The subtitle of this blog, "one mother's global interests" was an impulsive choice; one that I am still not sure of. It sounds a bit pretentious but it does try to capture something about how living in the developing world spurred me to become a mother, and then how motherhood deepened my interest in global issues such as poverty, development, war and peace.
Today, however, I want to write about one of my immediate interests, my baby Butter. (Much could be written on how people chose pseudonyms for themselves and their children in the blogosphere!). Butter is a 15 month-old baby boy. Sometimes we call him, "Mr. Intensity." He was our most difficult infant. A big crier who responded best not to more nursing (my default solution) but to tight swaddling and long walks outdoors. Many people who know me in real life have commented on how skinny I am. I tell them that Butter is a baby who came with his own built-in exercise program.
Butter prefers to nap in my arms which is how I came to blogging. Since daytime TV is a complete wasteland, I soon swapped my computer chair with the rocker. Checking emails and message boards, however, can only fill up so much time. As Butter's naps got longer, I started to read blogs to fill the time. First just my friends' blogs, Heather and Kim, then as a member of the Middle Eastern Studies Association, I thought I should read the blog of our president, Juan Cole. One blog led to another and soon I had my own personal blogroll to read each morning, starting with the political blogs, then the academic ones, then the mommy blogs. So, its only appropriate that Butter is the first of my three children to earn a post of his own.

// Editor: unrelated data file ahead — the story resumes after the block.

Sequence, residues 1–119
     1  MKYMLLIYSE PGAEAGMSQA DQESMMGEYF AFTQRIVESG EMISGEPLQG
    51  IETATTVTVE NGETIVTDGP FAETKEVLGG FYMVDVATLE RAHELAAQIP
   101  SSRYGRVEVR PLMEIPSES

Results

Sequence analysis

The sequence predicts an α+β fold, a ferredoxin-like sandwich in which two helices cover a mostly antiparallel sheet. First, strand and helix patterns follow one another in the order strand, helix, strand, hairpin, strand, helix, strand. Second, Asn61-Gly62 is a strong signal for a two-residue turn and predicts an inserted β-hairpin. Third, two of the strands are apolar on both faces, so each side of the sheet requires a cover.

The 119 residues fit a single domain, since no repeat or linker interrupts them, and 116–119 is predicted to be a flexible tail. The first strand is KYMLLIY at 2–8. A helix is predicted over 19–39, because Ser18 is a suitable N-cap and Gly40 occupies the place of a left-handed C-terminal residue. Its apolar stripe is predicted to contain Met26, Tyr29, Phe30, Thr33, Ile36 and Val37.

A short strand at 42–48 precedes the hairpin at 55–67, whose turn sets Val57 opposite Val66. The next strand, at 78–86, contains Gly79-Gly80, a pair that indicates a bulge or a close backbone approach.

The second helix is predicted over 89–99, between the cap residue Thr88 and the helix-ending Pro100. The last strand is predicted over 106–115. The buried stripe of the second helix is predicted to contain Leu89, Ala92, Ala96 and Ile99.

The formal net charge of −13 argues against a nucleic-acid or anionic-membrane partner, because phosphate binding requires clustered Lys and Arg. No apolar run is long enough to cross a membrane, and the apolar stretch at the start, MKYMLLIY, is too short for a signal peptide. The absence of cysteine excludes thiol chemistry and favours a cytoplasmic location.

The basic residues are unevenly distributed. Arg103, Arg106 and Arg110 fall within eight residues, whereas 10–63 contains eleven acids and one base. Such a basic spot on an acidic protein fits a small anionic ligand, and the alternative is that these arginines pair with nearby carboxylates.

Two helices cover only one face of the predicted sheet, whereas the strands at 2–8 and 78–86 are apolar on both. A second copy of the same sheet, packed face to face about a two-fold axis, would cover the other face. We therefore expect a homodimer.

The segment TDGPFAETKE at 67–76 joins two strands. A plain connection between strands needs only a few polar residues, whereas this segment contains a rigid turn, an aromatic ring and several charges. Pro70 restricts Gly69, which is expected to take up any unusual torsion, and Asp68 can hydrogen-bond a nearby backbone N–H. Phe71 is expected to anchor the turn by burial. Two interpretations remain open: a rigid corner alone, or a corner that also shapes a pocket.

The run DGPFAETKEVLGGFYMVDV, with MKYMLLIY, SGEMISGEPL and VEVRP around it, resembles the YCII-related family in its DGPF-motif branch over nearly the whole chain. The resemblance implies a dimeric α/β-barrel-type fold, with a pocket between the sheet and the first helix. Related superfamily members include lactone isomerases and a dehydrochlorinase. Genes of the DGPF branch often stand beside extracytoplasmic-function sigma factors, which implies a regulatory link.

Butter was an early walker and is now a tremendous climber. Its a miracle that he hasn't had a trip to the ER yet. He's fearless. He loves water. My husband starting taking him in the shower when Butter was just six weeks old. He never cried in the shower, so we knew he must like it. (Butter is not a baby who hesitates to show his displeasure). Now, he will stand or sit in the bottom of the shower and play happily while an adult showers. Its not unheard of for him to have two showers and a bath a day. He is amazing in the pool. He jumps right in and instinctively blows bubbles when his head goes under water. He does not get his love of water from me. I'm more catlike. Its all I can do to take a shower every two or three days!
Although Butter cried more, he also laughs more than any baby we have had. He has a beautiful smile complete with dimples! And he has learned how to use them to his best advantage.
He loves anything electronic. He has already mastered the TV, answering machine, and both my printers. If I sit down to nurse him in the rocker in front of the computer and the screen is dark, he reaches out to hit the keyboard and bring the computer to life before settling down to nurse. (Yes, we are still nursing at 15 months. I can't imagine how to mother a toddler without nursing! Don't worry sometime before he heads off to college we'll stop.)
Butter is a much wanted third child. I have been stunned by the number of people who have asked me, "so, what's it like having three?" And when I respond with "oh, its wonderful, lots of fun, much easier than just having one." They have come back with jaw-dropping statements like "oh, I just wondered, I was the third child and always thought that might have led to my parents' divorce." Or, "I was the third child and only girl and my brothers always told me that I ruined their lives." Then the "Lives" column of the New York Times Magazine this week is all about a woman's two unwanted pregnancies, one that ended in abortion, one in an unexpected third child. The author describes a secret society of women who approach her with their own stories of unwanted third children. Again, my jaw drops.
In Syria, Jordan, and Egypt, and from immigrants in the US from Thailand, Mexico, Turkey, and Bangladesh, and thankfully, from my own mother, I have heard again and again that all babies are blessings, a sign of joy in the universe, and a gift not to be refused. Baby Butter didn't disrupt my "perfect family" of one boy and one girl, as some people have implied. We consider him the exclamation point in our lives, the spicy jalapeno on the family sandwich, the cherry on top!